Children Born Extremely Premature Face Neurodevelopmental Disorder Risks: Study

With survival rates for children born extremely premature increasing, healthcare providers will require more resources to meet their long-term needs

New research indicates more than three-quarters of children born premature suffer from neurodevelopmental disorders and somatic disorders.

Children born before 24 weeks gestation have a higher risk of speech disorders, intellectual disabilities, cerebral palsy, and failure to thrive, according to Swedish researchers. Their findings were published March 22, in the journal Acta Paediatrica.

Researchers used data from the national Swedish registry for children and retrospectively retrieved information on preemies born before 24 weeks from 2007 to 2018. Children with a diagnosis of neurodevelopmental disorders and selected somatic diagnosis were included in the study.

A total of 383 children born at an average of 23 weeks were included in the reserach, with an average birthweight of 565 grams, or roughly 1.25 pounds.

According to the data, more than three-quarters of children born premature had neurodevelopmental disorders. Of those, 52% had speech disorders, 40% had intellectual disabilities, 30% had attention deficit hyperactivity disorder, 24% had autism spectrum disorders, 22% had visual impairments, 17% were diagnosed with cerebral palsy, 10% had epilepsy, and 5% had a hearing impairment.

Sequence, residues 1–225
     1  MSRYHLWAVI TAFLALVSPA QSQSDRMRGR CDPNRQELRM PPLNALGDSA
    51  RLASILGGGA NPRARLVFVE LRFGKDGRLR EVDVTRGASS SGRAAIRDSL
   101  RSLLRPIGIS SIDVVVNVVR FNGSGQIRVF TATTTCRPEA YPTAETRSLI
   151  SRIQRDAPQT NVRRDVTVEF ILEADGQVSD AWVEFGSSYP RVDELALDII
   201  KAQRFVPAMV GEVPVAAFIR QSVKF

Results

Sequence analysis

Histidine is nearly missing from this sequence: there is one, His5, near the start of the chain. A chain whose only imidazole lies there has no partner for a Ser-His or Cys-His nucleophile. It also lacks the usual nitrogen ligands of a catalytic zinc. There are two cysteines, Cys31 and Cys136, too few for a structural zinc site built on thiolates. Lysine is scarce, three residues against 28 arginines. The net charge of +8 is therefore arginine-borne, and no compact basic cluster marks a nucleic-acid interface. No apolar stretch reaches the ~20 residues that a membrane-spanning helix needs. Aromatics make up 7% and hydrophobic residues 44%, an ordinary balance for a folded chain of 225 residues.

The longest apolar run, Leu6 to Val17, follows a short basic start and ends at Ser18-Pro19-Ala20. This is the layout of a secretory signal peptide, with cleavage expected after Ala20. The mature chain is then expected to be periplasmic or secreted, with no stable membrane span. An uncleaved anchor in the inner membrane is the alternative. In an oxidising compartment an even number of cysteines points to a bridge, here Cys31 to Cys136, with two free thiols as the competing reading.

Overall, more boys suffered from neurodevelopmental disorders than girls, with roughly 45% of boys having intellectual disabilities compared to 27% of girls. Roughly one-quarter of boys had a visual impairment compared to 14% of girls.

Most premature children, 88% overall, suffered from somatic ailments. Of those, 63% had asthma and nearly 40% suffered from failure to thrive or short stature. More than half of children received habilitation care.

“Most children born before 24 weeks had neurodevelopmental disorders and/or additional somatic diagnoses in childhood and were referred to habilitation services,” the researchers concluded. “Clinicians should be aware of the multiple health and developmental problems affecting these children. Resources are needed to identify their long-term support needs at an early stage.”

Advancements in healthcare have led to increased survival rates among premature infants, especially those born before 24 weeks of gestation. Enhanced survival also poses other risks and concerns, such as neurodevelopmental and somatic conditions which require comprehensive evaluation and treatment.

The study could help doctors and other healthcare professionals become more aware of the developmental problems that affect these children and identify resources to help their long-term treatment and support at an early phase in their life.

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